A Fashion Photographer Throws Body Image Concerns—and Clothes—Out the Window

What are you saying under all those clothes? A new book, "Naked Britain," takes a naked look.

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Nov 3 2017, 1:52pm

Not to oversimplify things—though why not? It's Friday!—but you might say that the fashion industry's two obsessions are body image and clothing. So what happens when a fashion photographer removes both from the equation?

That's the starting point of Amelia Allen's new book, Naked Britain, out today—though "tasteful nudes" draped in a single string of diamonds are far from the endpoint. "I wanted to step away from the conventionality and pressures that surround a typical fashion shoot and also from social media, and the retouching and considerable behind-the-scenes efforts to create the 'perfect' photograph," says Allen. In that process, she discovered naturism, the cultural lifestyle in which a community lives, works, socializes, parties, fights, laughs, and makes up—in the nude.

Photograph by Amelia Allen, courtesy of the photographer.

The project, which Allen photographed over a period of two years, also allowed the photographer to challenge the stiff-upper-lip British attitudes towards nudity. "I felt that as a female British photographer…here the attitude towards nudity was that it was distasteful or unsightly unless it [was] for sexual reasons, pleasure, or editorial," Allen says.

"There was a double standard: it was okay to see a woman with perfectly round, perky breasts on the side of a phone box or on Instagram, but a mother breastfeeding in a café was offensive. I decided to photograph the most British scenarios like the pub, tennis, the waterpark, bike rides, discos, festivals, museums, and people doing everyday tasks without clothes on." The subjects look remarkably joyous, at ease in a way rarely seen in the highly constructed orbit of fashion photographs. After a few minutes looking at Allen's images, to look at fashion photographs, red carpet images, or "candid" snaps from the highly manicured world of streetstyle, is to reveal how much clothing can actually encourage a strange feeling of remoteness. What are we hiding behind all those layers? Of course, there's not always something wrong with getting dressed—sometimes, it's even required by law!—but the guardedness that clothing allows us is apparent when you see the striking liberation afforded when nudity is the status quo.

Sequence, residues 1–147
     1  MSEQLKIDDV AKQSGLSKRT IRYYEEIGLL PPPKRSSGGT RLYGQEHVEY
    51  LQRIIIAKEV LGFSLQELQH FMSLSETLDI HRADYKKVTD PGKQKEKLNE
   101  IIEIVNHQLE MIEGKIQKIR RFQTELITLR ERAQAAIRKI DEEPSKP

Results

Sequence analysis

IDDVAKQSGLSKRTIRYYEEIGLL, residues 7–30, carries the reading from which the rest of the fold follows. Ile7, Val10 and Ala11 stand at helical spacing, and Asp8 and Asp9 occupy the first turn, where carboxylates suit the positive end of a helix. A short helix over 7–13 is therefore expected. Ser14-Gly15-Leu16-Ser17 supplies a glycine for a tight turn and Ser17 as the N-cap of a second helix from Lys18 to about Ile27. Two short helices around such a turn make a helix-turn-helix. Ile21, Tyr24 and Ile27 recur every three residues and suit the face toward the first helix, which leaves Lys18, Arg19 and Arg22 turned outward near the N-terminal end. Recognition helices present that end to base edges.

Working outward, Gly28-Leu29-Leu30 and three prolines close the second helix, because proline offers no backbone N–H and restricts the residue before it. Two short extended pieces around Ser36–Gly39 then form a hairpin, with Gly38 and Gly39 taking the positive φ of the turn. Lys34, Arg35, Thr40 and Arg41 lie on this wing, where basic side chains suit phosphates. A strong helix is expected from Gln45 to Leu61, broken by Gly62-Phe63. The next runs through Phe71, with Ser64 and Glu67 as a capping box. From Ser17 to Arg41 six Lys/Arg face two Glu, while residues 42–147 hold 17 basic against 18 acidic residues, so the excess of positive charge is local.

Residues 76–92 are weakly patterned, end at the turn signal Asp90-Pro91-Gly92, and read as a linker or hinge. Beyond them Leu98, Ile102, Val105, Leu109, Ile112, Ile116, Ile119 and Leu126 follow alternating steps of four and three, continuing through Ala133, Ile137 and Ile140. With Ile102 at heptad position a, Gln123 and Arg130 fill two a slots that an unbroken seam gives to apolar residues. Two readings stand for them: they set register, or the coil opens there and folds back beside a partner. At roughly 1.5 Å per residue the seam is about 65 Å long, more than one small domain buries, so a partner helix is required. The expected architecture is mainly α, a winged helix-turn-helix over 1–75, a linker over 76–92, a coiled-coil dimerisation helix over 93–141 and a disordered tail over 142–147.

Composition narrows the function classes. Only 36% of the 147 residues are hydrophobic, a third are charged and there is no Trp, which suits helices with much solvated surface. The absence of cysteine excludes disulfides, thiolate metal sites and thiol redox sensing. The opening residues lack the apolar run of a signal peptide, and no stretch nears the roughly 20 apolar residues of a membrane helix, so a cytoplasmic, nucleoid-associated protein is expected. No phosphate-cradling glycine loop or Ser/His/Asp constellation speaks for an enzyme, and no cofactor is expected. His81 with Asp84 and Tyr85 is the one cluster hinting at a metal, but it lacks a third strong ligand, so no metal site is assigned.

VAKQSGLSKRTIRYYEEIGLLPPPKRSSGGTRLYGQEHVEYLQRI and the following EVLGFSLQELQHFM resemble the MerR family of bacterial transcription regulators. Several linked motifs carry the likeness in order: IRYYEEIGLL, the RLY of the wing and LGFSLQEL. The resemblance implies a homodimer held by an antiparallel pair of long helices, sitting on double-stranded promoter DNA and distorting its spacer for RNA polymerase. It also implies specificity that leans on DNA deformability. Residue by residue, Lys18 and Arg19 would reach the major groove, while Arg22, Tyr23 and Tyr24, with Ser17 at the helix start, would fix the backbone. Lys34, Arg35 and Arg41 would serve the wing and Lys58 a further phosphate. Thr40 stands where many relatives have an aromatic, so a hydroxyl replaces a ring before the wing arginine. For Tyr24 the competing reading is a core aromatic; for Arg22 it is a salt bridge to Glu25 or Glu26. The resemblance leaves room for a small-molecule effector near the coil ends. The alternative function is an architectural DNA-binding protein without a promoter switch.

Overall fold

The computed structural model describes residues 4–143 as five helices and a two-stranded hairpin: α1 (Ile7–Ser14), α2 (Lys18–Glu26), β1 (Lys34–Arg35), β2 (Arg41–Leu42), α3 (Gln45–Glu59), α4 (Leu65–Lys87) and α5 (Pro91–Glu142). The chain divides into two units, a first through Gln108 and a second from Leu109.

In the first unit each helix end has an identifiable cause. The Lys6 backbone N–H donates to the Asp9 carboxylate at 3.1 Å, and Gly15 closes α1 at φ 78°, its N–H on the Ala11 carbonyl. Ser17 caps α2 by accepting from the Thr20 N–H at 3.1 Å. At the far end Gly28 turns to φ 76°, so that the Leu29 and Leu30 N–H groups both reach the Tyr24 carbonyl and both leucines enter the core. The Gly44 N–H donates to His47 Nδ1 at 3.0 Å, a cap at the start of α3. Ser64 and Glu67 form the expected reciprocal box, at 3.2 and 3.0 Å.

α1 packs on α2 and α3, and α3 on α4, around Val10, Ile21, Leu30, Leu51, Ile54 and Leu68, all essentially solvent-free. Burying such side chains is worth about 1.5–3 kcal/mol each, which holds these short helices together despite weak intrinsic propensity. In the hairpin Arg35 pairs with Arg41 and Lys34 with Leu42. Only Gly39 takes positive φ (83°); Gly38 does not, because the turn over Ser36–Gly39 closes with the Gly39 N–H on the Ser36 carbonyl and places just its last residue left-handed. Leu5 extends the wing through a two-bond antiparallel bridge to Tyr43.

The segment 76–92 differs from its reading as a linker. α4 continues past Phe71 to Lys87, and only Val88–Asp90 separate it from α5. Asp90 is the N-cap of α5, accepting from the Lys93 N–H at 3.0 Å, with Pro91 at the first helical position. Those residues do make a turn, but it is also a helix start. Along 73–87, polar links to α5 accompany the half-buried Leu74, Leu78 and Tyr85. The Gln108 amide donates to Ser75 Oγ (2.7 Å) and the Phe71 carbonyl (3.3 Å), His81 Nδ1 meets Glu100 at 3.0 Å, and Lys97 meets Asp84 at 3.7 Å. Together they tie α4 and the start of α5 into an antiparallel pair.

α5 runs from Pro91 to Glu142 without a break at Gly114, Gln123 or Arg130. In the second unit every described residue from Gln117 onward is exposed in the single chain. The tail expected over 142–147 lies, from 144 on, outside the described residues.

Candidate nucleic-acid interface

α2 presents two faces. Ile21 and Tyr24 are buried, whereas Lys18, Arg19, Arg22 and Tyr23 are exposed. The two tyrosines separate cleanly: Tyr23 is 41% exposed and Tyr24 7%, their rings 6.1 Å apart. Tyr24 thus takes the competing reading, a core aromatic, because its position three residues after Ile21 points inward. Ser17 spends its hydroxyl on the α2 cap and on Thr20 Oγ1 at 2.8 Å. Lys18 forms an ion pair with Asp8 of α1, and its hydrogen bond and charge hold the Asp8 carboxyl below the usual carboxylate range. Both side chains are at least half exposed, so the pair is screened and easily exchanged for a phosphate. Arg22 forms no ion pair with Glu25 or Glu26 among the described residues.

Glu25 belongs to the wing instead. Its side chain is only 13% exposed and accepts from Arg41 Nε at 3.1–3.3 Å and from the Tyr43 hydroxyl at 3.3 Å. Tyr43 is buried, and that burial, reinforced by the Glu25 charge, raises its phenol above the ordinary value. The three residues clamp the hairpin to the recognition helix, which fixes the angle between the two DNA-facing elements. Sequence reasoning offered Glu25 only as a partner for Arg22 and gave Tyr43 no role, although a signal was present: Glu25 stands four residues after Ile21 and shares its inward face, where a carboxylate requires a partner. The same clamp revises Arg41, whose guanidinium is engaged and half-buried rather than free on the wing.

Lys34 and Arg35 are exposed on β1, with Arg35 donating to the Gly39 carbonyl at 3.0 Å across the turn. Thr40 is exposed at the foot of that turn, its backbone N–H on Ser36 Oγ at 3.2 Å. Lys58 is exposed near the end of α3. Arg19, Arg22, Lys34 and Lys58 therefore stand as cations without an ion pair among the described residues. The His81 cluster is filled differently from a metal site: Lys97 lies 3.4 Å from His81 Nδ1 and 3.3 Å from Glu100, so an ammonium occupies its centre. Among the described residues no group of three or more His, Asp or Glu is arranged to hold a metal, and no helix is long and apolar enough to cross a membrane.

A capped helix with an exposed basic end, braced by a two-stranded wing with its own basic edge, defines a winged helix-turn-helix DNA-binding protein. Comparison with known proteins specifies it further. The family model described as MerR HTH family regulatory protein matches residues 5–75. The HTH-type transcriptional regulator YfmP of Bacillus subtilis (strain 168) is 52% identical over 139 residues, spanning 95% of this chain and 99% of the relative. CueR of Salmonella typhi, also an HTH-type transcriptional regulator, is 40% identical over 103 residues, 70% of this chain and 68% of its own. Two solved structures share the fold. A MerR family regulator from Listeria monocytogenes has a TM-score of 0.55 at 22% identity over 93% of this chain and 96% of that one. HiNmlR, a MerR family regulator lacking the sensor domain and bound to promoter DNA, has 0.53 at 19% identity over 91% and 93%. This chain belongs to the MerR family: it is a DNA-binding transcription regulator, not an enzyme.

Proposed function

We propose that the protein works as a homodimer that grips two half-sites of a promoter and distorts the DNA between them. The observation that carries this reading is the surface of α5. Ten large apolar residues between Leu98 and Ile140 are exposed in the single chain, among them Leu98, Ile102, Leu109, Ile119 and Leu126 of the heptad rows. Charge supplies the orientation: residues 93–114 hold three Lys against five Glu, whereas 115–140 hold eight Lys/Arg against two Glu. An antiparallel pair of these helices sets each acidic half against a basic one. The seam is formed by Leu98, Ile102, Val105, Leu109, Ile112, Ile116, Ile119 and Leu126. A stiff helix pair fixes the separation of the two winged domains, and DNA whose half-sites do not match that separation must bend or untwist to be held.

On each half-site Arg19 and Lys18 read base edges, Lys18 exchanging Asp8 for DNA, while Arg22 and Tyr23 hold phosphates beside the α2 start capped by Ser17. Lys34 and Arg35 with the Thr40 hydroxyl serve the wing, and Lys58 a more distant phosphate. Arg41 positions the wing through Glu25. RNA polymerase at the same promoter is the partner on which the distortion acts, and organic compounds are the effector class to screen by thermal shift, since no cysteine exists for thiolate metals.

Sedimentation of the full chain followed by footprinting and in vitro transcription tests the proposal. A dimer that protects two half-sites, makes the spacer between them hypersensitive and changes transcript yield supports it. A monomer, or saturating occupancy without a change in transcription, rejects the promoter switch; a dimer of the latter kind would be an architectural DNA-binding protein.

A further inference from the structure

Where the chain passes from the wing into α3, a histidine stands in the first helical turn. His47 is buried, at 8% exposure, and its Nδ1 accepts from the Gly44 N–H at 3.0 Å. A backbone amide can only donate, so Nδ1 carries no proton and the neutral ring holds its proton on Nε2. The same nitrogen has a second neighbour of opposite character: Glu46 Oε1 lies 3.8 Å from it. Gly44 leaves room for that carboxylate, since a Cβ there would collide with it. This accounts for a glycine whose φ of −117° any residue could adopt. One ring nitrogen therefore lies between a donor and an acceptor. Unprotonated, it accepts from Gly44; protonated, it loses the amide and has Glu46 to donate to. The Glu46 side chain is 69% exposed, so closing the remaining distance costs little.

Photograph by Amelia Allen, courtesy of the photographer.

Photograph by Amelia Allen, courtesy of the photographer.

So how did Allen get her subjects to feel so at ease in front of the camera? Most importantly, she herself got naked. "I felt that with me being naked, I am on an equal level with the person I am photographing, so I'm not viewing them as an outsider with my camera, but a part of their world," Allen says.

"When you are photographing fashion, it is usually about the clothes…. The focus is on making the clothes stand out, and [selling] the product for the fashion brand. The models wearing them make them come alive," Allen says. In contrast, these photographs are about the subjects' "character, and hopefully in the images, you see past their appearance and see their facial expressions and what they communicate." Sure, clothing is a form of self-expression, but what might you be able to say when you take off all those ideas?

Photograph by Amelia Allen, courtesy of the photographer.

Naked Britain, by Amelia Allen. Photograph courtesy of the photographer.